Shared-ride service expands in St. Clair County
Following a successful six-month pilot program, the St. Clair County Transit District (SCCTD) has announced it will continue offering SCCTD Flyer on-demand, shared-ride service in East St. Louis, and expand the service to Fairmont City on May 1.
However, the district’s fixed route No. 7 MetroBus service to Fairmont City will be discontinued on June 15, due to low ridership, the SCCTD also announced.
District officials believe the new ride-share service will be sufficient to meet demand for public transit in the Fairmont City area; adding present fixed-route bus riders will have six weeks to learn about the new service.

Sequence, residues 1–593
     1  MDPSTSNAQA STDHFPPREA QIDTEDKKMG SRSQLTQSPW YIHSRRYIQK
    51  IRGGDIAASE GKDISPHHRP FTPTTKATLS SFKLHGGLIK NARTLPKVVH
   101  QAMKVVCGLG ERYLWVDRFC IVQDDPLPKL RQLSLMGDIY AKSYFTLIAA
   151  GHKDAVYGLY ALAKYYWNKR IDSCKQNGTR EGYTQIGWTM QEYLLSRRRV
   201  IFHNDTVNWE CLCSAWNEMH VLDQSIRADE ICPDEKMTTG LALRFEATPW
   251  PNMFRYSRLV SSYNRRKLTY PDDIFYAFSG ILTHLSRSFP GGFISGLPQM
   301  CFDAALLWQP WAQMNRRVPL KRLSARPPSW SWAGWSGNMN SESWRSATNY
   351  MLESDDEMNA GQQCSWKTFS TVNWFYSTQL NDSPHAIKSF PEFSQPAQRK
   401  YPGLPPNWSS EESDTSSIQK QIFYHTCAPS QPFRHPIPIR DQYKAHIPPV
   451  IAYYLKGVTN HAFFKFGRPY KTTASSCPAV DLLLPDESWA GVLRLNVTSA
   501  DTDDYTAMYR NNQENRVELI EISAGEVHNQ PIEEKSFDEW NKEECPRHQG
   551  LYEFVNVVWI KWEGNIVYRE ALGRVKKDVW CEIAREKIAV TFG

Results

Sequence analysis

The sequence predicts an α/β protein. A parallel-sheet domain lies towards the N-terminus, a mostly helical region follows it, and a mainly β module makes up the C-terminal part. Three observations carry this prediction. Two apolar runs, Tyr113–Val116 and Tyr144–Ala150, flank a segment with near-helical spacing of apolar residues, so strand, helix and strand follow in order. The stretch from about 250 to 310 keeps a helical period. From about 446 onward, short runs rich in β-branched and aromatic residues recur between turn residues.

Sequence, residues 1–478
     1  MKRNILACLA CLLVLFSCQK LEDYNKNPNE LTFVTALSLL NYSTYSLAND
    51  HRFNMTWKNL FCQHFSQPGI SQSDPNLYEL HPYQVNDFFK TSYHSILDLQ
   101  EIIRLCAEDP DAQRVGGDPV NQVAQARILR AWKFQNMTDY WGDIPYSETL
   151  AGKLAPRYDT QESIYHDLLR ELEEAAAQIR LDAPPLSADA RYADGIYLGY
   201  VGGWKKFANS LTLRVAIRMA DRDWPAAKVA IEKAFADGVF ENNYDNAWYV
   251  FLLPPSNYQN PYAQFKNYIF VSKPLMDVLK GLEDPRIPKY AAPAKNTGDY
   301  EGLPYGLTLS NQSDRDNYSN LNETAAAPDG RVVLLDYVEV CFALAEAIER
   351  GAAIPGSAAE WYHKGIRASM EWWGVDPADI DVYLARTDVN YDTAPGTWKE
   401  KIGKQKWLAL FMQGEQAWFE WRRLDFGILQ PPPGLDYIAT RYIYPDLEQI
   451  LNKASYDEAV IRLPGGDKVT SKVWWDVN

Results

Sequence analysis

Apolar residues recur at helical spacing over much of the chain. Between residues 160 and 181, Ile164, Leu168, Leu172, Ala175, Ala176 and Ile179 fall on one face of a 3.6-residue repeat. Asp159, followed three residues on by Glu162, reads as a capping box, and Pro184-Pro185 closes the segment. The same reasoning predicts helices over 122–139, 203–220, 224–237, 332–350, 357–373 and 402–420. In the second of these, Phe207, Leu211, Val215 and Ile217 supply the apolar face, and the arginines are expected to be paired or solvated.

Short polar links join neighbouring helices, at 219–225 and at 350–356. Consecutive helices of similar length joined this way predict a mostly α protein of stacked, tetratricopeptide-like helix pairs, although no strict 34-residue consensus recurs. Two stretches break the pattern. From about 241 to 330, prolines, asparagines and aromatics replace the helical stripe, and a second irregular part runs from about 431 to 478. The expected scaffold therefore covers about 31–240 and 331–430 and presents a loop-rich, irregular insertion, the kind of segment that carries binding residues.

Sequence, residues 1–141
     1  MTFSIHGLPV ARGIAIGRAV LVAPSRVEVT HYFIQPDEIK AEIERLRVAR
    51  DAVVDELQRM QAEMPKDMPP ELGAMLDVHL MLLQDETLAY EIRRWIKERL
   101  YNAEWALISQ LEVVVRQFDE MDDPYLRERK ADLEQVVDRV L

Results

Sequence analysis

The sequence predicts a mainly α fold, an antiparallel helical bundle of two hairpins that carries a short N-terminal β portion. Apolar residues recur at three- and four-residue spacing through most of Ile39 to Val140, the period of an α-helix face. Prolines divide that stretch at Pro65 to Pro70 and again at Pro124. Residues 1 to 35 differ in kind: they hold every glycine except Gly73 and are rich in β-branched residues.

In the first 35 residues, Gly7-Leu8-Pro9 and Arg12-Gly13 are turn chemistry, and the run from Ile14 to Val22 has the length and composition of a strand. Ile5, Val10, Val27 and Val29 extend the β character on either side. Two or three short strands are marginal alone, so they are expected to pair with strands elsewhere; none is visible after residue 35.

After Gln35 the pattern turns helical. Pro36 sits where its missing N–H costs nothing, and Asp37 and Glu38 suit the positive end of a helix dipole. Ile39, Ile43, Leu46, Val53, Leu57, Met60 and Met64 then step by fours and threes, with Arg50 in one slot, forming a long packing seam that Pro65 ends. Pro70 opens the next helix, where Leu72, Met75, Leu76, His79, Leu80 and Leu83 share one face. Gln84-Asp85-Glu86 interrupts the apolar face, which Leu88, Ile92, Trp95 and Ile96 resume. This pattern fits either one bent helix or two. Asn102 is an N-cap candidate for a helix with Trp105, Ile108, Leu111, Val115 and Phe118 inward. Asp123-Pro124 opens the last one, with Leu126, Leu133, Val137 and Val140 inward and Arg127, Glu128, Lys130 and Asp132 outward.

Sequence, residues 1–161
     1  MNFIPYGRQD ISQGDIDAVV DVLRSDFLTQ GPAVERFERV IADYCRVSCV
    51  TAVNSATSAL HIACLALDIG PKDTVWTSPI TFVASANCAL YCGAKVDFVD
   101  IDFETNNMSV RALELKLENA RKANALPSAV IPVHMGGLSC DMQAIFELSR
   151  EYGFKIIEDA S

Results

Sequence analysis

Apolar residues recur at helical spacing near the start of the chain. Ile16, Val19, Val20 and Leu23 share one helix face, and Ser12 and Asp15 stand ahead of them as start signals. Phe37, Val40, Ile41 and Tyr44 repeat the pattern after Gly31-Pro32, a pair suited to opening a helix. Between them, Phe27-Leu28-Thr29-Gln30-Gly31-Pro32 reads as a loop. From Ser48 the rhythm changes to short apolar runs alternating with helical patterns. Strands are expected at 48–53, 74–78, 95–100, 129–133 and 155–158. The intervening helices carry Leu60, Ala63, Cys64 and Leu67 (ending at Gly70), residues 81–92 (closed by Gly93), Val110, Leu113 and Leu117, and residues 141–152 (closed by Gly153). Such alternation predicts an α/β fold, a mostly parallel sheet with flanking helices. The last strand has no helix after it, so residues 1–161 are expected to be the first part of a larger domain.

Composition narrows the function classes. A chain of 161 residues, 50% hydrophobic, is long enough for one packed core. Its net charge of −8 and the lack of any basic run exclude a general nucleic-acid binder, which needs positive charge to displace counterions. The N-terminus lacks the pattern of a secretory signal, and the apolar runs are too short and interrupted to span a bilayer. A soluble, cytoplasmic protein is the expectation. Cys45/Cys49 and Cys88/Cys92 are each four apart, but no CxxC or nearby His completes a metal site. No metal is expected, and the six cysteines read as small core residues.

The SCCTD Flyer is a door-to-transit and transit-to-door service designed to help “close the sometimes-lengthy gap that can exist” between transit stops and homes, workplaces, schools, healthcare facilities, shopping establishments and entertainment venues, according to a district statement.
The SCCTD Flyer costs $3 per one-way trip to-or-from one of the four local MetroLink Stations (Fifth and Missouri, Emerson Park, Washington Park and JJK Center) and MetroBus stops within East St. Louis and Fairmont City.
The service is available weekdays between 6 a.m. to 7 p.m. and can be scheduled by calling (618) 800-6884 or downloading the TransLoc app, which is available through the Apple Store or Google Play.
Passes can be purchased through the app, the East St. Louis Township Building, Gateway Market, Neighbors Marketplace, or the Quick Bite at the Belleville MetroLink Station. No cash fares will be accepted.
For additional information, call 618-628-8090 or visit www.scctd.org.